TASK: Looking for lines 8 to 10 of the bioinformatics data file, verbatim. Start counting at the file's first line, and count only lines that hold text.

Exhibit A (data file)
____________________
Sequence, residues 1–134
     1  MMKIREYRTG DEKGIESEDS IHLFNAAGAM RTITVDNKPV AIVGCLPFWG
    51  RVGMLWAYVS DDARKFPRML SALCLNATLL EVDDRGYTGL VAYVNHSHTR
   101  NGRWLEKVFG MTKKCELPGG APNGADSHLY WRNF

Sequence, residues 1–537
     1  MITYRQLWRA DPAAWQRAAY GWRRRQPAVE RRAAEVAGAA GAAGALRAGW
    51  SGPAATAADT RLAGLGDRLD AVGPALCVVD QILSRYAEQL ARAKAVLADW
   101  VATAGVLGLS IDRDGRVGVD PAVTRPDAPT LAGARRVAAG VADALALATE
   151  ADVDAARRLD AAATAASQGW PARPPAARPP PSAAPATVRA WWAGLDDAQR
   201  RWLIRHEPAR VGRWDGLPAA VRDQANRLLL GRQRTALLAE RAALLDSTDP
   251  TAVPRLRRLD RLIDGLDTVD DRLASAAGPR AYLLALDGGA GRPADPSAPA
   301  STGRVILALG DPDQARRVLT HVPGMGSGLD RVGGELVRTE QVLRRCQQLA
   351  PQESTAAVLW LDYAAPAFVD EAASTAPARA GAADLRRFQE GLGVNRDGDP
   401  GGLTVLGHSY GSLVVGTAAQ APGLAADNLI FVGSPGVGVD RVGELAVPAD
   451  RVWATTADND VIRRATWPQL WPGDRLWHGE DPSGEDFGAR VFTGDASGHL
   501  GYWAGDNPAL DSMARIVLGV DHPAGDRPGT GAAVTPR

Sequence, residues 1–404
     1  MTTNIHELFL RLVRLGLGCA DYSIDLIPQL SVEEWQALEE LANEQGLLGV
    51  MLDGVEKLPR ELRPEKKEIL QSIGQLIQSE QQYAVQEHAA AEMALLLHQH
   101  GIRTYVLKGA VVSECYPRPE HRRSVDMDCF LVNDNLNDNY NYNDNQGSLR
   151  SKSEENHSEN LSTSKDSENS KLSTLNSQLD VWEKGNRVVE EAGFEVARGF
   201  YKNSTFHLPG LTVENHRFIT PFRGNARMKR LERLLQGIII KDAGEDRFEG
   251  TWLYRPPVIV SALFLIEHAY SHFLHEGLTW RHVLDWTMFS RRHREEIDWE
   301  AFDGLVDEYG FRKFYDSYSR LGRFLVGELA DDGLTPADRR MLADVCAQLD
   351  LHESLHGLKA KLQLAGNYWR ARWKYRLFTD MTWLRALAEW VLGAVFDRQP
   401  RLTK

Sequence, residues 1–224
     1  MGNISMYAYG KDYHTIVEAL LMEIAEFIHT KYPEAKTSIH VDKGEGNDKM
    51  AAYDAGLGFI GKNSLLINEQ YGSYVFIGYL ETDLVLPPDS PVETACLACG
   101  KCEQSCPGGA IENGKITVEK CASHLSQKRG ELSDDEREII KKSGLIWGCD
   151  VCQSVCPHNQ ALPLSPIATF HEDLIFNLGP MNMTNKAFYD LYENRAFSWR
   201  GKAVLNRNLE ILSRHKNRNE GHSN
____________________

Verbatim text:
   101  VATAGVLGLS IDRDGRVGVD PAVTRPDAPT LAGARRVAAG VADALALATE
   151  ADVDAARRLD AAATAASQGW PARPPAARPP PSAAPATVRA WWAGLDDAQR
   201  RWLIRHEPAR VGRWDGLPAA VRDQANRLLL GRQRTALLAE RAALLDSTDP